House Speaker Halson Moultrie stirred up a hornet’s nest while commenting on a report titled “The Criminalization of Marital Rape and Intimate Partner Sexual Violence Across the Commonwealth”.
Spiritually, Moultrie opined, a husband cannot rape his wife.
The speaker went to great lengths in delineating a dichotomy between the legal and spiritual aspects of the marital union.
By using the term “spiritually”, Moultrie raised a moot point that was borderline reductio ad absurdum and a non sequitur argument to secular Bahamians, most of whom are biblically illiterate.
The question of whether or not a husband can rape his wife is tantamount to the question of whether or not water is wet.
And while in some cases marital rape is downright hard to prove in a court of law, its reality is a no-brainer.
For instance, while the Bible endorses spanking for unruly children, it nowhere endorses the physical, verbal and emotional abuse of children.
Consequently, a parent who crosses the line in meting out disciplinary action against his children cannot use the Bible to justify his physical abuse any more than a husband can use the Bible to justify forcing himself on his wife.
No matter how one looks at it, however, the issue of marital rape raises a whole host of tricky issues — one being a wife who wants out of a marriage for any number of reasons might be tempted to cry “rape” in order to expedite a divorce.
She might even use it to get back at her husband for his philandering.
Indeed, the Moultrie camp poses several serious issues that must be satisfactorily addressed by Equality and Justice Alliance and other feminist organizations that are pushing for the enactment of marital rape laws.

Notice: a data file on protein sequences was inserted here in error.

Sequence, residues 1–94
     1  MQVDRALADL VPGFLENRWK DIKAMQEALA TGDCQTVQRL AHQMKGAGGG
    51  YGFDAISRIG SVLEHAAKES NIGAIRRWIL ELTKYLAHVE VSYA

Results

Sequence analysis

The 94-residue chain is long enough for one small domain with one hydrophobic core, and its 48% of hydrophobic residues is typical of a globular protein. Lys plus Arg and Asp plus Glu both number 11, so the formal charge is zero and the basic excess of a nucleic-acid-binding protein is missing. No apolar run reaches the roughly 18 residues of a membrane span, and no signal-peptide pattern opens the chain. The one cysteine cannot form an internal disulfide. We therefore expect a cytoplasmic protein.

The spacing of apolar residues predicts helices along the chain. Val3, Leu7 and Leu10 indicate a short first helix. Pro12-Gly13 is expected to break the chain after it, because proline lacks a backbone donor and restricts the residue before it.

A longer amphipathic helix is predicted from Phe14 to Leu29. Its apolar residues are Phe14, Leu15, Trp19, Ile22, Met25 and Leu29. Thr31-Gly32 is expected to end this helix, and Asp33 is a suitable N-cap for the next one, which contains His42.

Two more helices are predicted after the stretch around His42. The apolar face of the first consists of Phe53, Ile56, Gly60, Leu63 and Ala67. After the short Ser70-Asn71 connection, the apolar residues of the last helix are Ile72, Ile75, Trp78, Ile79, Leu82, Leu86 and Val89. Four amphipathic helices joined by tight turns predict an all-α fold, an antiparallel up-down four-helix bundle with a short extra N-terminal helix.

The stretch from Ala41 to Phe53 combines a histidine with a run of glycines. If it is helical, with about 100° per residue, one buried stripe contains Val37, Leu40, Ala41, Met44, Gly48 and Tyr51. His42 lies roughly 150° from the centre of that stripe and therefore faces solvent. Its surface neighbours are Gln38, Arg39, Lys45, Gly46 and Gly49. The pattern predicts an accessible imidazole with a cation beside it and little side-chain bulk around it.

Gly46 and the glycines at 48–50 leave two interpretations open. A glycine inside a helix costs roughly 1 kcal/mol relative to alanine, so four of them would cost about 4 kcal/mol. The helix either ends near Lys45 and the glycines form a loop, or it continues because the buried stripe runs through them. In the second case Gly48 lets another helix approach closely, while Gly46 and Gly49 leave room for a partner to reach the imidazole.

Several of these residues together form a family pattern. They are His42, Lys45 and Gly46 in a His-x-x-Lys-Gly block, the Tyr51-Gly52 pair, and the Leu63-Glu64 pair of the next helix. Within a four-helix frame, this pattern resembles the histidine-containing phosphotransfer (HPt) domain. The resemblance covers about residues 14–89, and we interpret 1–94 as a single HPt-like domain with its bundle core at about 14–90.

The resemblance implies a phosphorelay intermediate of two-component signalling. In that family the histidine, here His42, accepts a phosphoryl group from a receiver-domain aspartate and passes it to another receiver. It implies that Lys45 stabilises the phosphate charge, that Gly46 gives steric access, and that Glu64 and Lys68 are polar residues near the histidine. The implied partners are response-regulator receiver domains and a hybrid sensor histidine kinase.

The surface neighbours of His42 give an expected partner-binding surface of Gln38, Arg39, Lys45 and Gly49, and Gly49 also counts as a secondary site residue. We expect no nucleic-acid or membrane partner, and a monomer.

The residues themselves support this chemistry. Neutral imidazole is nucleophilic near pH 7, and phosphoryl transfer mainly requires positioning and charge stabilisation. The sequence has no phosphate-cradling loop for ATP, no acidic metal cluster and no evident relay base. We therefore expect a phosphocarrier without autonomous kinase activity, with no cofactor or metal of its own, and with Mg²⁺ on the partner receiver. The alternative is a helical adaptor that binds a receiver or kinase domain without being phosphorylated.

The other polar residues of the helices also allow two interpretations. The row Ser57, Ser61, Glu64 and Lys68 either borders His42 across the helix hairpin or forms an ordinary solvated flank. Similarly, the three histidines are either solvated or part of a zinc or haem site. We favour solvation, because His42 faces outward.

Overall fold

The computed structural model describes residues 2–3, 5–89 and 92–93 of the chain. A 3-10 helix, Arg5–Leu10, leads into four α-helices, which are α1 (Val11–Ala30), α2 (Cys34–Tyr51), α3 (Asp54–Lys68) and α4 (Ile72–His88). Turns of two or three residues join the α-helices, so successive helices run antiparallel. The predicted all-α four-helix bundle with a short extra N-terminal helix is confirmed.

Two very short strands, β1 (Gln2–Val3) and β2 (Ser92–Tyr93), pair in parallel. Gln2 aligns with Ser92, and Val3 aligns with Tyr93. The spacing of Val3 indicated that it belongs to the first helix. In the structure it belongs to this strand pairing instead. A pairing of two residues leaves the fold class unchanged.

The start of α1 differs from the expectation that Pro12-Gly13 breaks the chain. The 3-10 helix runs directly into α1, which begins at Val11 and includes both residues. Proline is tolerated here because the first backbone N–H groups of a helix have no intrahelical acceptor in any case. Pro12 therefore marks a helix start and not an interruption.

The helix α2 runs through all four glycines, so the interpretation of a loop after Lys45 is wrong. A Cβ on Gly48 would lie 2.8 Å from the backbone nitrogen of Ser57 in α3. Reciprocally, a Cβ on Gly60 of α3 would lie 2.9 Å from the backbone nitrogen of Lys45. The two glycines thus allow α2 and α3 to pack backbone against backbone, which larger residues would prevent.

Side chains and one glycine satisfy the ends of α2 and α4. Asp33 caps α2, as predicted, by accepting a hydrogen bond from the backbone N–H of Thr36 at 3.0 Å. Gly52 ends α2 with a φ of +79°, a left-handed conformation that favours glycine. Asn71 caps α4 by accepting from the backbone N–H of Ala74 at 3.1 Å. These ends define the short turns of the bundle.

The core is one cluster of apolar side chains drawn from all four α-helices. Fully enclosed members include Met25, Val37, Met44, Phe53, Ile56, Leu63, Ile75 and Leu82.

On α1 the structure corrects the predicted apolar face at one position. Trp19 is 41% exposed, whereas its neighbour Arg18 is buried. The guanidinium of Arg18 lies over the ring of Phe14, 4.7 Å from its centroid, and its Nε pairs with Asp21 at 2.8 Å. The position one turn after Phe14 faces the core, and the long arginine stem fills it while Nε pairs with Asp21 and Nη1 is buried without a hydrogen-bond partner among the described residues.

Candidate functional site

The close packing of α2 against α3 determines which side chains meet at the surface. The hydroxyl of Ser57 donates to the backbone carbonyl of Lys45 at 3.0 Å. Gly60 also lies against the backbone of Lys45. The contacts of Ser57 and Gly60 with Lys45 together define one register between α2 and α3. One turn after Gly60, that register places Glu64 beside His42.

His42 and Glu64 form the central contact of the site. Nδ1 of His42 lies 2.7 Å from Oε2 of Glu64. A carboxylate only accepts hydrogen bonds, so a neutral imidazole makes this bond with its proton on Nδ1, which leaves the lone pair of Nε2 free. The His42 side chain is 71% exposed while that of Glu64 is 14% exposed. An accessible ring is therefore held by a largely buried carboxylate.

What’s more, the term “spiritually” that Moultrie used conjures up images such as angelic beings, who by their very nature are incorporeal. Consequently, they are asexual beings, according to Matthew 22:30.
I think it was the Bahamas Christian Council which got itself in a heap of trouble over this same sensitive issue some years ago, when some of its members said that the state must stay out of the bedrooms of married couples, while failing to address the issue of the hundreds of welfare recipients who are products of dysfunctional homes.
Marriage is the very first institution God created in the Book of Genesis.
Obviously, the disintegration of the family structure would inevitably lead to the disintegration of society.
Marriage is the union between one man and one woman, according to Genesis 2:24.
According to 1 Corinthians 7:1-5, sexual intimacy is imperative to a marriage relationship; and is not to be coerced by either partner.
Indeed, coercion presupposes the absence of love within a marriage.
Conversely, love is persuasive, according to the late Dr. Norman Geisler in his “Unshakable Foundations”.
Ephesians 5:28 commands husbands to love their wives as their own bodies.
If a man abuses himself, he would be deemed insane by mental health practitioners.
If he sexually abuses his wife, he would be sexually abusing himself, according to the Bible.
The author of the Ephesians and Corinthian Letters is none other than the apostle Paul, who has been unfairly labeled a “male chauvinist” by feminist organizations abroad.
It is worth noting that Paul viewed the woman as coequal with her husband, something that was revolutionary in the Greco-Roman world.
The New Testament elevates the status of women.
The matter of submission that the typical feminist squirms at relates to the various roles within the family structure.
Indeed, by being the head of the home, the husband is tasked with the “spiritual” and physical maintenance of his family, something the wife was simply not designed to do in an ideal world, as the plethora of single parent homes led by women has amply demonstrated.
The woman’s role within the family structure does not imply inferiority, anymore than it implies the inherent inferiority of the children to the father.
For what it’s worth, the Bible is anything but misogynistic.
The marital covenant should not and cannot be used as a pretext for rape.
It is high time that certain elements within the church abandon the tenuous and embarrassing position that rape is impossible in a marriage.
— Kevin Evans